The box set binge is all the rage at the minute but what about the people that haven’t got round to it yet? Have you ever had to hold your tongue about the amazing episode of your favourite show that you watched last night because your friend or colleague isn’t up to date and hasn’t watched it yet? I personally have experienced this first hand, with behaviours ranging from arguments caused by accidental spoilers to headphones or even fingers in ears to avoid overhearing spoiler content. Being up-to-date, or the lack thereof, on TV shows has the potential to drive a wedge between social circles and leave those behind with a fear of missing out akin to other shared experiences.
Box set binge culture disrupted the nature of shared experiences but not to the point of extinction. While platforms like Netflix often release entire new series’ in one go, it’s important to note that less than 20% of the UK population use Netflix (TGI 2017 Q3), and the wait for new episodes one by one still remains prevalent across the television landscape. However, there is a new player in the ring for spoilers; cyber-attacks are common nomenclature in today’s world but rarely do they cause as much daily tension for the average person as with TV spoilers.
Ofcom’s recent report Box Set Britain claimed that 25% of box set bingers were driven by the fear of someone spoiling a programme’s ending. This extends to people actively expressing their fears online and the lengths they’ll go to avoid them.
HBO’s blockbuster programme Game of Thrones was subject to a ‘cyber-incident’ that was linked to content being leaked early, which divided friends, family, colleagues and even strangers. Leaked content negates the need to be up-to-date and introduces a sense of morality into the spoiler landscape. This tempts people with the opportunity to skip ahead while leaving them with a moral issue of waiting for the shared experience of live broadcast or giving into the temptation, which presents them with a separate dilemma of whether they can discuss the content with others or not.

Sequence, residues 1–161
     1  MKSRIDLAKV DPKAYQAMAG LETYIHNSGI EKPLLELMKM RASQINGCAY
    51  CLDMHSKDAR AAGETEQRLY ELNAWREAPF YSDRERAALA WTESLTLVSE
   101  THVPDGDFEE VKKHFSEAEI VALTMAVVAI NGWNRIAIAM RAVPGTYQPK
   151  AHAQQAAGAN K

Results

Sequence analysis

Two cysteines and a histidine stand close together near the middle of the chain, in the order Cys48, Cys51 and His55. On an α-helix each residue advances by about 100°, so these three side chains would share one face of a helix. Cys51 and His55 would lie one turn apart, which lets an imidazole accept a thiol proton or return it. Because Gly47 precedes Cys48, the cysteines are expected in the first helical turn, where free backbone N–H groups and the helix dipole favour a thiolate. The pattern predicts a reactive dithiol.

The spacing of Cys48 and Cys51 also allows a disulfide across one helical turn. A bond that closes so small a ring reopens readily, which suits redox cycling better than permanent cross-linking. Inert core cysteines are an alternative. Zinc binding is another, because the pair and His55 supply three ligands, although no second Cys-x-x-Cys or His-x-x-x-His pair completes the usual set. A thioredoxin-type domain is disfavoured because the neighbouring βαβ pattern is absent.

What does this mean for brands?
Some brands have already taken it upon themselves to address this phenomenon head on, with M&Ms releasing their ‘Box Set Etiquette’ content, which included a direct address of the social faux pas of spoiling TV Shows for others.
Now TV encouraged its users not to spoil content for others using Game of Thrones as an example and even implied that post spoilers are not ‘good guys’. This evidences an overarching ideology of what is right and wrong in the TV spoiler landscape and allows brands to engage in a contextually relevant conversation while positioning themselves with a clear positioning that engages an audience that relates to a clear emotion.
The simplest answer is to be considerate of those you care about when discussing potential spoiler content; don’t hold them to ransom with information that affects something that they’ve dedicated hours, even days of their time to. Brands have the opportunity to address these personality types; in-the-know, patient but up-to-date and those fitting their TV consumption into their life. This presents brands with the opportunity to align their values with the varying degrees of social etiquette, positioning themselves as an enforcer of shared consumer values.